Bolsonaro had not spoken Sunday evening.
Lula’s first-round plurality Sunday doesn’t ensure him a second-round victory. Front-runners often reach their ceiling in the first round. And four more weeks of campaigning will probably boost Bolsonaro, who could benefit from an improving economy and falling unemployment and inflation.
“The entire world is saying that Bolsonaro has little chance of winning,” said Renato Sérgio de Lima, director of the Brazilian Forum on Public Safety, a public safety think tank. “But I would say it’s not that way: He will do whatever he can to destroy Lula. Any unthinkable thing could happen.”
For many Brazilians, the unthinkable already has happened. For months, polls have consistently shown that Bolsonaro would lose — and lose badly. “Lula has a 14 point advantage,” read the front-page headline of O Globo on Sunday.
His supporters seized on his performance as vindication. For weeks, Bolsonaristas have said the large crowds that assemble to see the president are far more impressive than any survey.
“I don’t believe in polls,” said Daniel Silveira, a federal congressman who has been accused by law enforcement officials of attacks against democracy. “The streets say it all. Polls say nothing.”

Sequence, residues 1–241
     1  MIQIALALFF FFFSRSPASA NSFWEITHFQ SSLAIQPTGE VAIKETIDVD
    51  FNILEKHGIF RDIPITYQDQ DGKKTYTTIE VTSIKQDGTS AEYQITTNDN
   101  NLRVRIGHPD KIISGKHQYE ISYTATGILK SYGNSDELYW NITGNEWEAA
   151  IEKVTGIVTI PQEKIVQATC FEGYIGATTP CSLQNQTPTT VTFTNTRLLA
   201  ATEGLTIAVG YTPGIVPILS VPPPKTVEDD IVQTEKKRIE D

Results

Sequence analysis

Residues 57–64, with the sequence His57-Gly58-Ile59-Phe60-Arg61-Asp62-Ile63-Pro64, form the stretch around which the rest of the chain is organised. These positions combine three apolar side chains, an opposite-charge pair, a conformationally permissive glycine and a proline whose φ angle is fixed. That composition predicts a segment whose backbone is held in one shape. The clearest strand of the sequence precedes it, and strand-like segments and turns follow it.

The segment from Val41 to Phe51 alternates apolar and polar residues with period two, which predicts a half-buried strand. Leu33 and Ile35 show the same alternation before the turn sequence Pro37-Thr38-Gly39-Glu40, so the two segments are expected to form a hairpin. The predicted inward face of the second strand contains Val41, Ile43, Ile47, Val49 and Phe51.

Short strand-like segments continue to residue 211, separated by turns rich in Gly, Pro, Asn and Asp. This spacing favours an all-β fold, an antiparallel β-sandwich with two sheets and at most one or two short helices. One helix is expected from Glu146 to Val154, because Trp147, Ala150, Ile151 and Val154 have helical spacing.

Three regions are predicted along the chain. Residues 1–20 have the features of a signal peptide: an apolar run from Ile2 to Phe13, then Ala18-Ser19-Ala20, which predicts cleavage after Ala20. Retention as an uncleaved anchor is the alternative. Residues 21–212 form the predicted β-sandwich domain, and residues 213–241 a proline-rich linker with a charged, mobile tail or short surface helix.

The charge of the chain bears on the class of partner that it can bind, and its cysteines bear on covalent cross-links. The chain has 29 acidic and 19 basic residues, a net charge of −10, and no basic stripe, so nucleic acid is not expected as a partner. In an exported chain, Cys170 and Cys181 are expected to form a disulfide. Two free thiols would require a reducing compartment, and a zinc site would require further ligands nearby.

Lula supporters reacted with dismay as a vote that many expected to be a clear victory become a muddied affair. Their candidate won the most votes. But after a first-round victory had seemed for weeks within reach, the outcome felt like a loss.
“Sad,” said Leticia Bernardi, a Lula supporter who was waiting outside the São Paulo hotel where the candidate was to speak. “It’s a defeat for democracy and a victory for fascism.”
In Brasília, a Bolsonaro stronghold, the president’s supporters, clad in the yellow and green of Brazil’s flag, thronged the main promenade.
The prospect of four more weeks of campaigning and division disappointed many voters.
“I had really hoped this had all ended tonight,” said Rafaela Machado, a 41-year-old nutritionist at the Esplanade of Ministries on Sunday. “But it’s clear that the people in this country like to suffer.”
The election in recent weeks has shaped up into a may-the-least-disdained-win contest. Both candidates have messianic followings, but each carries extraordinary political baggage.